Lookout Blog

March 12, 2014

Lookout Open Sourced Its “Private Parts,” You Should, Too

Goodbye, terrible, jargon-filled, tiny-font legalese we like to call a privacy policy. Today, we’re launching Private Parts, an open-sourced, customizable toolkit to help developers implement visual, user-friendly privacy policies. And yes, you can use it today.

Instead of a mystifying wall of text, we wanted to create broad industry change and transform privacy policies into a clear, simple design that uses visual cues to allow users to understand how an app collects and shares their data.

To make it as easy as possible for developers around the world, we open sourced the code, which can be easily accessed on Github. In order to create a visual privacy policy with our code, it only requires five simple steps and in less than an hour, developers can have a customized visual privacy policy format installed and running on any of their apps. Any developer can customize the content, look and feel of their own privacy policy from a single JSON file using our toolkit.


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March 6, 2014

Dendroid malware can take over your camera, record audio, and sneak into Google Play


Remote access trojans that let criminals spy on you are a nasty issue, but when you find one in the Google Play store, it sounds off some alarms.

This week, researchers found Dendroid, a custom “Remote Access Toolkit” (RAT) for Android targeting customers from Western countries, and yes, it breached Google Play. A RAT is a type of malware that is used to remotely control the devices it is installed on. The toolkit is being sold for $300 to anyone who wants to automate the malware distribution process. The creator promises that the malware can take pictures using the phone’s camera, record audio and video, download existing pictures, record calls, send texts, and more.

All Lookout users are protected from this threat.

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February 27, 2014

“Embrace complexity, deliver simplicity” John Hering gives Mobile World Congress keynote

Lookout’s CEO, John Hering, took the stage at Mobile World Congress in Barcelona this week to deliver a keynote speech to a packed room with over 1,000 people in attendance.

“Four years ago, when I first came to Mobile World Congress, Lookout was 10 hackers in a loft, now we’re 50 million users worldwide,” John Hering said as he shared the story of Lookout’s growth.

“But that was just the launch pad…

“Fast forward four years later and you’ll see we’ve built a novel security technology company, partnered with some of the largest telecom operators in the world and our product is loved by consumers worldwide.

“How did we get here?”


John conveyed to the Mobile World Congress audience that Lookout has succeeded because of the great people that make up the company, a distinct culture and a passion for solving problems.

“Sure, we’ve had to make some tough decisions on the way to success, but it’s the hacker mentality that has allowed us to turn innovation into success.”

You can watch the video stream here to hear it from John first-hand.


February 26, 2014

Attorney General Harris Helps Businesses in Lookout’s Home State Increase Security

Prominent businesses and organizations from Target to Yahoo! to The New York Times have fallen victim to security breaches and hacking incidents; they are often targeted for the mounds of valuable corporate and consumer data they store. No matter what size, every business needs a comprehensive security strategy in place. Attorney General Kamala Harris collaborated with Lookout and the California Chamber of Commerce to provide actionable recommendations for small businesses to mitigate cyber risks.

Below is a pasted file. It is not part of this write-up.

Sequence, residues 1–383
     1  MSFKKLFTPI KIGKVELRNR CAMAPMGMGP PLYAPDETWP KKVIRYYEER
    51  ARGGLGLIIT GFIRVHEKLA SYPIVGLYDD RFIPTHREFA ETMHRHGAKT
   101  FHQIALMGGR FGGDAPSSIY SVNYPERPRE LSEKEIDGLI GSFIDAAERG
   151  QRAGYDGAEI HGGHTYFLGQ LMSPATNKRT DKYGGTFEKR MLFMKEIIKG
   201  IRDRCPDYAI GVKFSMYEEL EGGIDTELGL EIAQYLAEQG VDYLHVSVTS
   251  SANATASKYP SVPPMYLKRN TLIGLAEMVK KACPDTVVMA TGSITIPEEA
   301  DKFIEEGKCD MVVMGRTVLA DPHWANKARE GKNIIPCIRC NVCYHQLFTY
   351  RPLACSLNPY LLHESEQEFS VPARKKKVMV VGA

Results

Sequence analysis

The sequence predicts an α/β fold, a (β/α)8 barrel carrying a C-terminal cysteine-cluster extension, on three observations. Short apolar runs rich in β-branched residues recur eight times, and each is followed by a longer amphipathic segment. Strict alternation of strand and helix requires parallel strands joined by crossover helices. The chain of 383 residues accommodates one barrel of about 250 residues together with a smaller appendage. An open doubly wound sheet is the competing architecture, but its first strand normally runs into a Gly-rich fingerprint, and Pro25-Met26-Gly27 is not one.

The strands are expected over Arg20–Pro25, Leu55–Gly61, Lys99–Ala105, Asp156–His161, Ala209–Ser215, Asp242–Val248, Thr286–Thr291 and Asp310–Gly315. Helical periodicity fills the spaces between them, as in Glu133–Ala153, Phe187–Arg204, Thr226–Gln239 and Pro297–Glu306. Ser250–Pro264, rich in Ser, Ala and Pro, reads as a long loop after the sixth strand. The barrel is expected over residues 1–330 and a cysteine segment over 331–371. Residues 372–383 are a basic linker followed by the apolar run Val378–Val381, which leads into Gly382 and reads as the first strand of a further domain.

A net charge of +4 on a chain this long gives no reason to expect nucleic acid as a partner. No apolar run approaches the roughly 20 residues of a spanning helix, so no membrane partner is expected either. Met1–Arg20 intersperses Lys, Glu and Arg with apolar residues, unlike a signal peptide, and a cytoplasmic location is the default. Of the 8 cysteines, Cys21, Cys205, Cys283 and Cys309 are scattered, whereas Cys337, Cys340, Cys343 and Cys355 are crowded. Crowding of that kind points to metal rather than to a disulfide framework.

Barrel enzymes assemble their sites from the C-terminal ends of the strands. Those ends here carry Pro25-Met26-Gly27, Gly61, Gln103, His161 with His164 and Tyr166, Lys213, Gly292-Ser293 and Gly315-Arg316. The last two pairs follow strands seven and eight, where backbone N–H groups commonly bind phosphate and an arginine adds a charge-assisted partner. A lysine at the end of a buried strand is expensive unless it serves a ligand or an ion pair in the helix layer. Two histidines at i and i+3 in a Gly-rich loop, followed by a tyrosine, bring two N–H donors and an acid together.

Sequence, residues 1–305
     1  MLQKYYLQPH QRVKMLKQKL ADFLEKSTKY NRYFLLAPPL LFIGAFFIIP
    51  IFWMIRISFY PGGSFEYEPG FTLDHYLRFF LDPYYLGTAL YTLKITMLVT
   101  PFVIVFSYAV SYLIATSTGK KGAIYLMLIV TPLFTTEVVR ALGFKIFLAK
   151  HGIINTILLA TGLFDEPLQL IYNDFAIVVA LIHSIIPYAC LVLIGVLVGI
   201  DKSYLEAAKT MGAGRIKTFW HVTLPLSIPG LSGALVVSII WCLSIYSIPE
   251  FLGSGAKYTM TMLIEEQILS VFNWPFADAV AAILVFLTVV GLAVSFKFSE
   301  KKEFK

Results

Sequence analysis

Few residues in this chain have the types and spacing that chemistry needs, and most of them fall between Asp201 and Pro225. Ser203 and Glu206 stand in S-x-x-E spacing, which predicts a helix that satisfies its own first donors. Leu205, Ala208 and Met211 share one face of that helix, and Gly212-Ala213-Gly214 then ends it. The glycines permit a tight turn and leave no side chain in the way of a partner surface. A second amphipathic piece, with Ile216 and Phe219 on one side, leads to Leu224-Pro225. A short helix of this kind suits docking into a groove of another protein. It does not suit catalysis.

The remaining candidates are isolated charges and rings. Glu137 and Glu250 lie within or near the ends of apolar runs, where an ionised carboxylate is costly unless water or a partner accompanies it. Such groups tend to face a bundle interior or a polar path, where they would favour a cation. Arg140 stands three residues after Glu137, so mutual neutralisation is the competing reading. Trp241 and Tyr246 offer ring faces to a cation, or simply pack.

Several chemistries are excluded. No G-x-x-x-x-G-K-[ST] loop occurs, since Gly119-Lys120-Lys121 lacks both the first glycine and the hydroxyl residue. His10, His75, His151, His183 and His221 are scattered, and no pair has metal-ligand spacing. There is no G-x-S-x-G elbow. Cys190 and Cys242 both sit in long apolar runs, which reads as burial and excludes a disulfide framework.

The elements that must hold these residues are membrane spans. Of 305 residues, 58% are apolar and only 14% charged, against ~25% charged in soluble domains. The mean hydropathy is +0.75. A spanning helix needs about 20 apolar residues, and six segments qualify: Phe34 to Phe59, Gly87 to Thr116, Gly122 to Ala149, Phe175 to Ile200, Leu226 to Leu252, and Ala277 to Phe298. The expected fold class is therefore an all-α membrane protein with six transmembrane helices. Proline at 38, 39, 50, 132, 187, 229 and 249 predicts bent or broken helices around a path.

The report, Cyber Security in the Golden State, comes on the heels of a nationwide initiative to combat cyber attacks. Large enterprises can devote large sums of money to fight cybercrime, but cyber threats are not just a problem for large businesses. In fact, many attacks are aimed at small businesses. The report provides big company best practices to small business so they are equipped to prevent and respond to cyber security issues.

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February 20, 2014

2013: Made-to-Measure Malware and the Battle Against Adware

2013 was a year of changes in the world of mobile malware. Mobile threat campaigns became increasingly targeted as the criminals that operate them adapted their practices to maximize profit and operate in a less detectable way. In places where regulation is tough, they identified different ways to operate, often dropping more traditional monetization strategies like premium rate SMS fraud and leveraging “grey area” tactics that are actually legal.


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February 14, 2014

Security Alert: A Flap Over Fakes


Sadly, this week Flappy Bird, the latest game addiction for millions, fell victim to attackers who exploited the games popularity by injecting Trojans in fake versions of the extinct app. The malicious variants belong to several different families of malware previously identified by Lookout, which means all Lookout users have been protected. These Trojans enable the bad guys to generate revenue by requiring payment after game play, through malicious advertising networks, and via basic SMS fraud.


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February 7, 2014

Better Safe Than Sorry: Tips to Protect Your Mobile Device at Sochi

It has taken 7 years and an unprecedented $51 billion dollars to prepare Sochi, Russia’s traditional summertime seaside resort for the 2014 Winter Olympics. Russia is deploying the biggest security force in the games’ history and the U.S. and other countries are also sending security teams of their own. Despite these precautions, Russia’s cybercriminals are already preparing for the Sochi Olympics.

Cybercriminals have a history of exploiting global high profile events. The Beijing Olympics is a great example where cybercriminals created fake websites that mimicked the legitimate event. Russian cybercriminals, in particular, are known to be highly experienced at this, and consequently US CERT is already issuing warnings about what to expect.